3. Metamorphosis (14:54) : In my opinion the final composition on side I is one of the highlights in Classic Italian Progrock, here "classical meets symphonic rock" in a very exciting and captivating way. The first parts delivers the distinctive early Banco sound with great interplay, ELP organ and synthesizers sounds and rock guitar. Then a sumptuous church organ sound as a bridge to a long part featuring virtuosic solo Grand piano (in the vein of the first ELP album), when the drums and bass join it culminates mighty close to "ELP goes avant-garde" before Banco returns to a 24-carat symphonic rock atmosphere with sensational Moog synthesizer outbursts. The music slows down to warm Grand piano runs, then spectucaluar interplay between fat Moog and sparkling Grand piano, soon Hammond and fiery electric guitar join and again we can enjoy the splendid and exciting Bacno interplay. After a bit experimental interlude with clarinet (evoking the avant-garde side of King Crimson) Banco delivers a breathtaking build-up and grand finale: first soaring strings, fragile electric guitar and warm piano, then a compelling climate with emotional vocals and sparkling Grand piano, culminating in an accellaration with bombastic keyboards and a propulsive rhythm-section, what a power and dynamics and how many goose bumps moments I had during this mindblowing final part!

Side 2:

4. Outside (7:42) : In this track the guitarplayer is more omnipresent, he adds a 'rock element' to Banco that fits perfect with the classical sounding keyboards. In a swinging rhythm we can enjoy great interplay, warm vocals, solos on guitar ("rock meets jazz"), Fender Rhodes electric piano (jazzy) and Hammond organ (Emerson-oriented). The second part starts mellow with emotional vocals, beautiful Grand piano and warm acoustic guitar, gradually the atmosphere turns into more compelling with a pleasant string-ensemble sound and strong vocals.

5. Leave Me Alone (5:20) : This composition contains wonderful duo-classical guitarplay and the emotional voice of Francesco, halfway blended with cheerful acoustic rhythm-guitar and in the end a sparkling Moog synthesizer solo, very tastefully arranged.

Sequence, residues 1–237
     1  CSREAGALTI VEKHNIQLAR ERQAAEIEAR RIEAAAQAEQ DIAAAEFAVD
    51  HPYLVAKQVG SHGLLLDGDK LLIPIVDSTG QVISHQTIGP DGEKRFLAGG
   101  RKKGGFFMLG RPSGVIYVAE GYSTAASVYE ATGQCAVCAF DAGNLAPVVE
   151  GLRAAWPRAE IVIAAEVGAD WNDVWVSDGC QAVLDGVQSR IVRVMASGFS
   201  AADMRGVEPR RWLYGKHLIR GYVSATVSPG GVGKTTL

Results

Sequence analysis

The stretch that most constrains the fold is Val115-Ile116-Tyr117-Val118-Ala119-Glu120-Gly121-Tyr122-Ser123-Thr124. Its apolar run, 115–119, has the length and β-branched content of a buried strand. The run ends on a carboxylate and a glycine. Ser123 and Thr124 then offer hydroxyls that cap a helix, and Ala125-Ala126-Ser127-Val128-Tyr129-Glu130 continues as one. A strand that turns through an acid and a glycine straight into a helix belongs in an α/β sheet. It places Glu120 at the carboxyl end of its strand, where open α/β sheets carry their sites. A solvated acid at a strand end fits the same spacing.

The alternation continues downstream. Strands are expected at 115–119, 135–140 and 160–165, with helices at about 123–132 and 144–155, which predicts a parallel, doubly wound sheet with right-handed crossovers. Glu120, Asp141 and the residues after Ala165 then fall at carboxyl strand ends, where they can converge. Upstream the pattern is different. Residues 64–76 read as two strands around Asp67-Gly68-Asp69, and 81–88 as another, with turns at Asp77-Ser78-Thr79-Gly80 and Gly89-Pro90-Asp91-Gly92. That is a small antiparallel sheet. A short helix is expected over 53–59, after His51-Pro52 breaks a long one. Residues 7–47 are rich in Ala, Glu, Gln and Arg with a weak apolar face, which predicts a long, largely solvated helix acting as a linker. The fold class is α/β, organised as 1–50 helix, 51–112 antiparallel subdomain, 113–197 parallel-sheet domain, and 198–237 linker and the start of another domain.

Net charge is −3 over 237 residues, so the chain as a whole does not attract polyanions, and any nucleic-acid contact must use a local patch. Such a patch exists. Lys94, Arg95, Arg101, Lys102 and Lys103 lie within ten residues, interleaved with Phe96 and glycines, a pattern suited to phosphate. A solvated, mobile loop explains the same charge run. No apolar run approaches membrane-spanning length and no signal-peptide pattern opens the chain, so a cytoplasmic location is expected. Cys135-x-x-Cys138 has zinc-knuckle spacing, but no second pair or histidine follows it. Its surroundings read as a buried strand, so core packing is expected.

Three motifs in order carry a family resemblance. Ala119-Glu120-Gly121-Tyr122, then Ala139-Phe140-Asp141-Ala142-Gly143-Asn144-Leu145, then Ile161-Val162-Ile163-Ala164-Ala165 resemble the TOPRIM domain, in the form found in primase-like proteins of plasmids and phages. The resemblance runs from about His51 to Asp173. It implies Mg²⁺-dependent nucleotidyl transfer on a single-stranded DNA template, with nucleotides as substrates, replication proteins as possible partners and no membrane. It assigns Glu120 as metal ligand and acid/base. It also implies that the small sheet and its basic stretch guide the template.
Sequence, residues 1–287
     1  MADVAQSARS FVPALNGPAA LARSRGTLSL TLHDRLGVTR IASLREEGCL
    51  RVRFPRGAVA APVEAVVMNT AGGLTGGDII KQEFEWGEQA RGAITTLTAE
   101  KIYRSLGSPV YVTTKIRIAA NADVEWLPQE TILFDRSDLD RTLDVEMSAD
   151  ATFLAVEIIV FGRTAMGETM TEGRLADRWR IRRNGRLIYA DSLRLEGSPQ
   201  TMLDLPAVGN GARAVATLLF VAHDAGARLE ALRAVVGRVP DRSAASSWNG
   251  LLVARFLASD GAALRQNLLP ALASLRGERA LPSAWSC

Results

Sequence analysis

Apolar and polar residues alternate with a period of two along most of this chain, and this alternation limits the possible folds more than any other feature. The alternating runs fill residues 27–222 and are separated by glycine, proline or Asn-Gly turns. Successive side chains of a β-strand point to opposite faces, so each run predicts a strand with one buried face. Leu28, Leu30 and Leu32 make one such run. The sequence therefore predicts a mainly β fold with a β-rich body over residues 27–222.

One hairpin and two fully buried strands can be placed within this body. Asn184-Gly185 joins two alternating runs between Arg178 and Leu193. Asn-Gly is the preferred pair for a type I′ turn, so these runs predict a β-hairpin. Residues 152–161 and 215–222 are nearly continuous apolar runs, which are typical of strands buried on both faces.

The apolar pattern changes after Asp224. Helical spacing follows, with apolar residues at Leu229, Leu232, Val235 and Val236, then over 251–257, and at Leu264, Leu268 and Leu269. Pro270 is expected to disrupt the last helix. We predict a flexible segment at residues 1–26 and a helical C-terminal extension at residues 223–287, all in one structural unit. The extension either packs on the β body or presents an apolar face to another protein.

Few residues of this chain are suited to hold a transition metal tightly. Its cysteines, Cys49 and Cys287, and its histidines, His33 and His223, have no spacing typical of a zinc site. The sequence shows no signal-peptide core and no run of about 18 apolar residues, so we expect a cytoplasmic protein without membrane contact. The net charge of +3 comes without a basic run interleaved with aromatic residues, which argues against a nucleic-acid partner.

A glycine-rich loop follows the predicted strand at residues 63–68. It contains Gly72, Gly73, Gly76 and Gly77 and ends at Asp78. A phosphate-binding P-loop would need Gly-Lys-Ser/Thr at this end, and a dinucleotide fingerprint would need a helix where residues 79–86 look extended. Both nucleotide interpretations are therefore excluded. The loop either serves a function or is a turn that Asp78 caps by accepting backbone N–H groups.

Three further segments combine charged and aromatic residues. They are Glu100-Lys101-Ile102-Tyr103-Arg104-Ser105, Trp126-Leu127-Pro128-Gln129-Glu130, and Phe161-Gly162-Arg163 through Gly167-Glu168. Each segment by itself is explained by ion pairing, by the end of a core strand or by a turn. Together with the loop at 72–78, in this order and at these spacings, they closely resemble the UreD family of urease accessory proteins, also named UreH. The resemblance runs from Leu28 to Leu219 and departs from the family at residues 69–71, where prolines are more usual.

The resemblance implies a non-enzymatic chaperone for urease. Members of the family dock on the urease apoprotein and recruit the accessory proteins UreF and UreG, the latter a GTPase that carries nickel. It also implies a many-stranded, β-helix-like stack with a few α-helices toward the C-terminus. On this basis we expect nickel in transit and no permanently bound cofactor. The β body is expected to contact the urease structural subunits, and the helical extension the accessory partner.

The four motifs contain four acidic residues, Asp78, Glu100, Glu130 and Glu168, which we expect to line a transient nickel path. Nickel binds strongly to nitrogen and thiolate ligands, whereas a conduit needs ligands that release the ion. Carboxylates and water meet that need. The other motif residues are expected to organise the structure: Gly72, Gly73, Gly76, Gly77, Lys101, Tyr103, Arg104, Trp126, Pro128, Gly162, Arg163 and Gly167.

6. Nothing's The Same (9:58) : Along powerful electric guitar, here the Moog synthesizer sound (with echoes of Larry Fast) is very important, to me it often sounds or Banco has invited a certain JS Bach because of the very classical way of playing. Again singer Francesco adds an extra dimension to the Banco sound, a bit more theatrical than usual but that's part of the Italian tradition!

7. Traccia II (2:42) : The final track delivers outstanding duo-keyboard work, from warm Grand piano to fat Moog synthesizer runs in a classical atmosphere, gradually turning into bombastic, a perfect goodbey!


Report this review (#181352)
Posted Monday, September 1, 2008 | Review Permalink
Mellotron Storm
4 stars Like PFM did earlier, BANCO decided to put out an English language version of select songs from their previous albums. In this case from their first and third records plus a previously unreleased track. I'll be the first to say that I prefer a band sing in their own native language, especially if it's Italian, but i'll also admit i'm not a big fan of compilation or greatest hits albums. And while my intention in light of this was to offer up 3 stars for this record, I just found it impossible to do so. Sure the charm and romance of the Italian language is missing but this is just too incredible to give anything less than 4 stars.

"Chorale" has atmosphere galore to open.The dual keyboards of the Nocenzi brothers take over the rest of the song to create an interesting soundscape to say the least. "L'albero Del Pane" hits the ground running as vocals join in. A nice variety of keyboards on this one as well. "Metamorphosis" is just an amazing display of talent. Fantastic track ! It's uptempo to start and and so impressive instrumentally. It settles before 2 minutes with some great sounding piano melodies. Drums go wild 4 minutes in and then piano is back leading the way as synths join in. A full sound 8 1/2 minutes in which is just a great section ! A calm 11 minutes in. The sound is so majestic 13 minutes in as Fransesco comes in vocally.

"Outside" is uptempo with vocals to open. I like the piano/guitar interlude 2 minutes in. Drums and synths start to dominate and vocals return 4 1/2 minutes in. It settles after 5 minutes. Beautiful. "Leave Me Alone" opens with acoustic guitar and bass as fragile vocals join in. It's celebration time after 1 1/2 minutes then it settles again as contrasts continue. "Nothing's The Same" has this catchy intro as vocals come in. It's almost spacey 2 1/2 minutes in as it settles. I really like the melancholic synths 3 minutes in and later before 9 minutes. Some Howe-like guitar after 4 minutes when it kicks back in. "Traccia II" opens with piano as synths join in. A fuller sound 1 1/2 minutes in.

My favourite three tracks on here are "Metamorphosis", "Leave Me Alone" and "Nothing's The Same".

Report this review (#215196)
Posted Tuesday, May 12, 2009 | Review Permalink